Plantar fasciitis (Heel pain) is when your plantar fascia, the thick fibrous band of connective tissue from your heel bone to toe, develops micro tears or becomes inflamed. The plantar fascia acts as a passive limitation to the over flattening of your arch.

Especially common in running and impact sports that involve toe running rather than heel running styles. There are two possible methods for the cause of plantar fasciitis, either traction or compression injury.

  1. Traction Plantar Fasciitis
    • Usually exacerbated by traction forces (stretching) on the plantar fascia
    • Over stretching the plantar fascia repeatedly
    • Poor foot biomechanics (e.g. over pronation)
  2. Compression Plantar Fasciitis
    • Injury resulted from traumatic history
    • Most common from landing on a sharp object that bruises the planta fascia

Plantar Fasciitis is more likely to develop into individuals who are:

  • Active – sports that place excessive stress on the heel bone and attached tissues
  • Overweight – Carrying extra weight increases the strain and stress on your plantar fascia
  • Pregnant – Weight gain and swelling causes ligaments to become relaxed, leading to mechanical problems and inflammation
  • Flat feet – Changes in arch support changes the shock absorption ability causing additional stress and strain on the plantar fascia
  • Middle-Aged or Older – With age the arch of your foot begins to sag, putting extra stress on the plantar fascia


Typically, the first symptom of early onset plantar fasciitis is pain under the heel or in the foot arch after rest. The pain will be worse in the beginning and improves as the area warms up from activation. Plantar Fasciitis symptom progression can be broken down into five stages:

  • No heel pain – Normal
  • Heel pain after exercise
  • Heel pain before and after exercise
  • Heel pain throughout exercise; before, during and after
  • Constant heel pain including when rested

The symptom progression is consistent with the stages of a typical overuse injury. Ultimately, further trauma and delayed healing will result in the formation of calcium within the plantar fascia, which will increase recovery period.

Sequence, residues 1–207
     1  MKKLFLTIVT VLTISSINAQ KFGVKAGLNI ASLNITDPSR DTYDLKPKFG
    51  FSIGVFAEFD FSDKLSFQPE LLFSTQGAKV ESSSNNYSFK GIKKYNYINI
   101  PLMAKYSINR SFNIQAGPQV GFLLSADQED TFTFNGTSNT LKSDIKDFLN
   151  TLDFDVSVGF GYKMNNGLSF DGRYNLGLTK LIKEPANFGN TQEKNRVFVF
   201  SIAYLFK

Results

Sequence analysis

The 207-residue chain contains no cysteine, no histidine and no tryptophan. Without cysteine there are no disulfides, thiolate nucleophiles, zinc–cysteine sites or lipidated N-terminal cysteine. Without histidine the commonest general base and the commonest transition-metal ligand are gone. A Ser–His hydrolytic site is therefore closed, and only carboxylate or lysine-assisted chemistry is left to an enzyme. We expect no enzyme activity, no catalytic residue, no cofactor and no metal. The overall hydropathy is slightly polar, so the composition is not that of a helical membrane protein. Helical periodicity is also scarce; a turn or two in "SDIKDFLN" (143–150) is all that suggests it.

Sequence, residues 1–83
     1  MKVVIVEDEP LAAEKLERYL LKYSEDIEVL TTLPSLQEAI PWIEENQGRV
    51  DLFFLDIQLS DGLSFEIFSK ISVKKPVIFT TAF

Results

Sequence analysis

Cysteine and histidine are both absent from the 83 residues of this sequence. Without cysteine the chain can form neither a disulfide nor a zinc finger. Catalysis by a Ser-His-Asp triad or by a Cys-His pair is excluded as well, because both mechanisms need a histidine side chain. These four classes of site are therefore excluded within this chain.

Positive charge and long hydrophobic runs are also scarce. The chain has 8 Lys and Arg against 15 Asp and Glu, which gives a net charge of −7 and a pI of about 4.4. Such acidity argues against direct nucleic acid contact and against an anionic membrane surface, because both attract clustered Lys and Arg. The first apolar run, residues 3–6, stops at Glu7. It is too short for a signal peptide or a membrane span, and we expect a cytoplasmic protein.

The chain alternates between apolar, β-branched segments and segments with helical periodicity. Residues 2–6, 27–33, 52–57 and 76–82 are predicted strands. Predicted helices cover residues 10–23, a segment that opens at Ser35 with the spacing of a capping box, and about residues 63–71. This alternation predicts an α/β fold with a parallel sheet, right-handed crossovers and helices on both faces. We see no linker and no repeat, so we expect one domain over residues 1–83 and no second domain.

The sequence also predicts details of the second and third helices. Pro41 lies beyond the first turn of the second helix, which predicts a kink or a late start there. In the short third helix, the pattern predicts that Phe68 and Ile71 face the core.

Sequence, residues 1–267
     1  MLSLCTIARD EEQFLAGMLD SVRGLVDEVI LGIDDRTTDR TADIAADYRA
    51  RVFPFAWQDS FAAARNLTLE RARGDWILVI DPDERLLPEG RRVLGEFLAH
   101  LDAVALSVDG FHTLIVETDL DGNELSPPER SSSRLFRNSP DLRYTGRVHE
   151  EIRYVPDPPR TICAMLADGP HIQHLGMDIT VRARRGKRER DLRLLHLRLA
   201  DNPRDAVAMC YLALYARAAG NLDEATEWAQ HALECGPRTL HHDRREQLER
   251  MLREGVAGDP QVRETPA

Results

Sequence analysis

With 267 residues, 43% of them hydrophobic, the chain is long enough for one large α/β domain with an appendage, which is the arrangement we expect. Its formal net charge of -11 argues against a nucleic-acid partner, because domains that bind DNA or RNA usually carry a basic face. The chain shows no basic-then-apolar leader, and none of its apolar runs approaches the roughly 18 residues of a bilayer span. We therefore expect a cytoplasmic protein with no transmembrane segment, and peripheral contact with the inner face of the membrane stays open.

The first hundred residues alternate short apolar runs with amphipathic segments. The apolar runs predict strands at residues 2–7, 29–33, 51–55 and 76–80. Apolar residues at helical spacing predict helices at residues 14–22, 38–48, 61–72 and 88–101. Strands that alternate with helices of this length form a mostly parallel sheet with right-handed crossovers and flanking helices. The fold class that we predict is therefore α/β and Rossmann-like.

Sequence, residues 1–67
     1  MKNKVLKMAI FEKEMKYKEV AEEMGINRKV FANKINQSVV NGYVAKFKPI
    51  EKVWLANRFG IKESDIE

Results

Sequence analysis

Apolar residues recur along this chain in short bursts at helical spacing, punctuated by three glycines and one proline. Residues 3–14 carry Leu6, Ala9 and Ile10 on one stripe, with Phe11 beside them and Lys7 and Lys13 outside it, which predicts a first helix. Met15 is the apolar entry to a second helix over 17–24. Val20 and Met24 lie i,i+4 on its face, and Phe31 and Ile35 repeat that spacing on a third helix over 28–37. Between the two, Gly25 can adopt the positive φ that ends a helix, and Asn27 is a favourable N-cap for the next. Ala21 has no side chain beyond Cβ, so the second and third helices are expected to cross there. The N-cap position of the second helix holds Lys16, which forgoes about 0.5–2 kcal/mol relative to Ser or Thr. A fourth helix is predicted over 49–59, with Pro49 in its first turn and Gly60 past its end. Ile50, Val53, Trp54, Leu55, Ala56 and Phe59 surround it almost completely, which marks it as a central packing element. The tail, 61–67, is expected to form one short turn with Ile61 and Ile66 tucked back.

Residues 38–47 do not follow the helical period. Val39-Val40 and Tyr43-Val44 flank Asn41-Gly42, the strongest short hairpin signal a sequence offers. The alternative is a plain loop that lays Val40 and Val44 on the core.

Plantar Fasciitis can usually be diagnosed by your history, symptoms and a simple clinical examination by a physiotherapist. In certain cases, an X-ray may show calcification within the plantar fascia, whilst ultrasounds and MRI are used to identify any plantar fasciitis tears, inflammation or calcification.


Plantar fasciitis is reversible and very successfully treated, roughly 90% success rate within two months of initial treatment. In extreme cases, a steroidal anti-inflammation medication may need to be injected into the heel. Although shown to have short-term benefits, progress in medium to long term is increased and recurrent bouts occur for longer.

As poor foot biomechanics is a primary factor in plantar fasciitis, correction to foot and leg biomechanics is required to prevent future episodes of plantar fasciitis. Additionally, there is essentially 6 stages that need to be covered to effectively rehabilitate plantar fasciitis

1) Early Injury Protection

  • As with most soft tissue injuries the initial treatment is Rest, Ice, and Protection.
  • Ice is simple and effective at reducing swelling and pain – apply for 20-30minutes every 2 hours
  • Anti-inflammatory medication may be used to reduce swelling
  • Pain reduction medication may be used in extreme cases
  • A brace or foot tape may provide pain relief

2) Regain Full Range of Motion

  • If protected, an injured plantar fascia tissue will heal
  • Healing may take several weeks for new scar tissue to form
  • Massage and gently stretch the scar tissue to promote a healthy formed tissue

3) Restore Foot Arch Muscle Control

  • The foot arch is dynamically controlled via important foot arch muscles, which may be weak or have poor endurance.
  • Poor foot muscles lead to instability at the base of your feet causing excessive loading to the plantar fascia
  • Corrective assessment is required to improve dynamic foot control and better your feet’s biomechanics

4) Restore Calf and Leg Muscle Control

  • Your leg plays an important role in controlling your foot arch and its normal function
  • A physiotherapist will assess your leg muscle’s function and provide necessary treatment or exercise

5) Improve Running and Landing Techniques

  • Corrective technique and exercises is required to address important components of rehabilitation

6) Footwear Analysis

  • Poorly designed footwear can cause plantar fasciitis
  • Orthotics may be required in certain cases to improve your foot’s biomechanics and stability
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